There’s something incredibly empowering and wholesome about growing and/or picking one’s own ingredients, and in this case the picking doesn’t have to be the digit-stinging labour you anticipate either.  There’s a secret trick to handling the stinging nettle – especially when picking the young tips, which are the bits you want to use for this recipe – and this video illustrates perfectly how to do so.  Otherwise, don the Marigolds and head out yonder for thee fare…

Now for the foodie bit: like spinach, stinging nettles are incredibly iron-rich (making this a perfect vegetarian alternative to chicken soup) and thus share an affinity with the flavours of garlic and lemon (and nutmeg but I don’t use spices in this recipe).  My recipe also includes cucumber, quickly soused in lemon, to add some crunch to the soup (where regular or animal croutons may ordinarily be used), match the coolness of the nettles, and add a little sharp note.  Cut in ultra-fine ribbons it takes on a sort of loksheny role, even if it does look pretty fancy schmancy (especially atop a dollop of crème fraîche or yogurt).

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This soup is very quick to make and serves 4-6 people, depending on the generosity of the cook/the appetite of the diner.

Ingredients

100g young tips of stinging nettles, washed thoroughly (with gloves on!)
1 large potato, peeled and cut into smallish cubes
2 white onions, peeled and chopped
4 cloves of garlic, peeled and chopped
2 pints cold water
Light olive oil
Juice of a lemon
Half a cucumber, peeled
Sea salt and pepper (I like white here) to taste
Creme fraiche or yoghurt to serve

Method

Having collected your young stinging nettle tips, wash them thoroughly (with gloves on!) and set aside.

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Peel your cucumber and – using the peeler or a mandolin – cut very fine strips until you get to the seeded core (which you should either eat or compost – please don’t throw it away).  Place the strips into a bowl, add half the lemon juice and give it all a good stir.  Refrigerate until serving.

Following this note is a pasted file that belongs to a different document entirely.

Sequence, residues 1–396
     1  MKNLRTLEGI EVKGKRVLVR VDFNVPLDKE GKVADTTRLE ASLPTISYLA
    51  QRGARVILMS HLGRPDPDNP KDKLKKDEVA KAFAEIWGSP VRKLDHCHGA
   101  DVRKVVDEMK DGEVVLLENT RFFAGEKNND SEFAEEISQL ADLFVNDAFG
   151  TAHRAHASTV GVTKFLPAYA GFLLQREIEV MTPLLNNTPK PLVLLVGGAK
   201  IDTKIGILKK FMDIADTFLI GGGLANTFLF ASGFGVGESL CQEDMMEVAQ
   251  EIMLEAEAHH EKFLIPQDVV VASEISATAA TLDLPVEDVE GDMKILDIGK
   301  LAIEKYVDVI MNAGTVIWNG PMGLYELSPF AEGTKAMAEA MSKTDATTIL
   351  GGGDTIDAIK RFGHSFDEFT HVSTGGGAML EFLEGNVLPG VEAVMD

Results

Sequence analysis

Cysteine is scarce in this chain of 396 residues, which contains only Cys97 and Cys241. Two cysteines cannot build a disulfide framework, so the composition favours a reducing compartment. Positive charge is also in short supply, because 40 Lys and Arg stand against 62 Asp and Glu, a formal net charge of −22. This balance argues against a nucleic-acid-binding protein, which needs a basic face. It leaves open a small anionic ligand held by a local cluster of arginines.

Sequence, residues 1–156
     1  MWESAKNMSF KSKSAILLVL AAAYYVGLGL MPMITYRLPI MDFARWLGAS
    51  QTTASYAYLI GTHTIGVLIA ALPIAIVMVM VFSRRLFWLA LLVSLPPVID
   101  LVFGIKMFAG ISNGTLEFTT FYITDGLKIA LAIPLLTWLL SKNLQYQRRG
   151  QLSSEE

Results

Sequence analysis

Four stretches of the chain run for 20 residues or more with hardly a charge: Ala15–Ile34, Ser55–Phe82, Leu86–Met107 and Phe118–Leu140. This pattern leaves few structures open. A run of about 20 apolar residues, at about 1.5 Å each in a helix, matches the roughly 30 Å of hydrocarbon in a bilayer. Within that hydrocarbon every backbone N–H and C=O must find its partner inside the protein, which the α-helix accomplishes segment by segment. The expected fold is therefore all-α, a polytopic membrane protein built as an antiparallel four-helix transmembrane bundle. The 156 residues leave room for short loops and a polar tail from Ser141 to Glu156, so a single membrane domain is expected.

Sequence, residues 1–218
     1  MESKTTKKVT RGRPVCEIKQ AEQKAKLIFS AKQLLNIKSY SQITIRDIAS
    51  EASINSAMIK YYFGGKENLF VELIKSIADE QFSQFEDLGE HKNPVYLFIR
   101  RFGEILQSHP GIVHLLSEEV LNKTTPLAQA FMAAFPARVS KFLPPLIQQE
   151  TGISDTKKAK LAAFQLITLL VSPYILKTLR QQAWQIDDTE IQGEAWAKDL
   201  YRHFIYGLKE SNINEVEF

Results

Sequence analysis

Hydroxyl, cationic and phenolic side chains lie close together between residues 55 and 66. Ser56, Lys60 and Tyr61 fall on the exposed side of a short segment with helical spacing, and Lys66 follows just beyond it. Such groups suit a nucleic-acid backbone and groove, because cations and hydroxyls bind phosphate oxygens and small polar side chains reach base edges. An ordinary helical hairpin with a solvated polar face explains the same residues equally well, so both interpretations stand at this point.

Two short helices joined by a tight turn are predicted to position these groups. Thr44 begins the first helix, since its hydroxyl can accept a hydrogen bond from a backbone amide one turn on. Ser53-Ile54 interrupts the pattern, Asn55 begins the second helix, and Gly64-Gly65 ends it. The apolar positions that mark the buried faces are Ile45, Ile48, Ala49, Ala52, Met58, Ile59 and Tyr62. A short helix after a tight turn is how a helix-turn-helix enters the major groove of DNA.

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Heat the oil in a large saucepan over a low heat and add your onions and potatoes.  Sweat them down with a lid on, stirring every now and then to ensure they don’t catch.  (Henderson and Gellatly suggest sweating for this sort of length of time to ensure you get the most flavour from your veg.  I would agree.)

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After about 10 minutes, and when the onions are soft and translucent, add the garlic and soften for a couple more minutes.

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Now add the nettles, stir in the pan for a minute or so, and then pour in the cold water.  Turn up the heat a bit and bring the pan to the boil.

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Once boiling, turn down to a simmer and cook for a further five minutes.  Remove from the heat and cream the soup using a hand- or stand-alone blender.  Add the remaining lemon juice, and season with salt and pepper.

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Serve this soup hot or cold and with or without a spoonful of crème fraîche or yogurt on top, and garnish with the soused cucumber.

Glossary
Soused – a quick way of pickling, commonly using vinegar and a blend of spices and herbs.
Loksheny – my own made-up adjective from the noun, lokshen, meaning Jewish egg noodles.  Use it to describe something as a bit noodly.
Fancy schmancy – with the addition of the Yiddish prefix ‘schm’, this term is somewhat dismissive of the fancy bit.  Sarcasm, Jewish style.
Faffing about – to my surprise this is not a Yiddish term.  But it is just as fun to write and say out loud.


End note

You can wow your little ones with an experiment: steep some nettle leaves in hot water, then squeeze in a bit of lemon juice, and watch the liquid turn from green to pink. It’s all about the pH, man.  Here’s a little clip to illustrate how.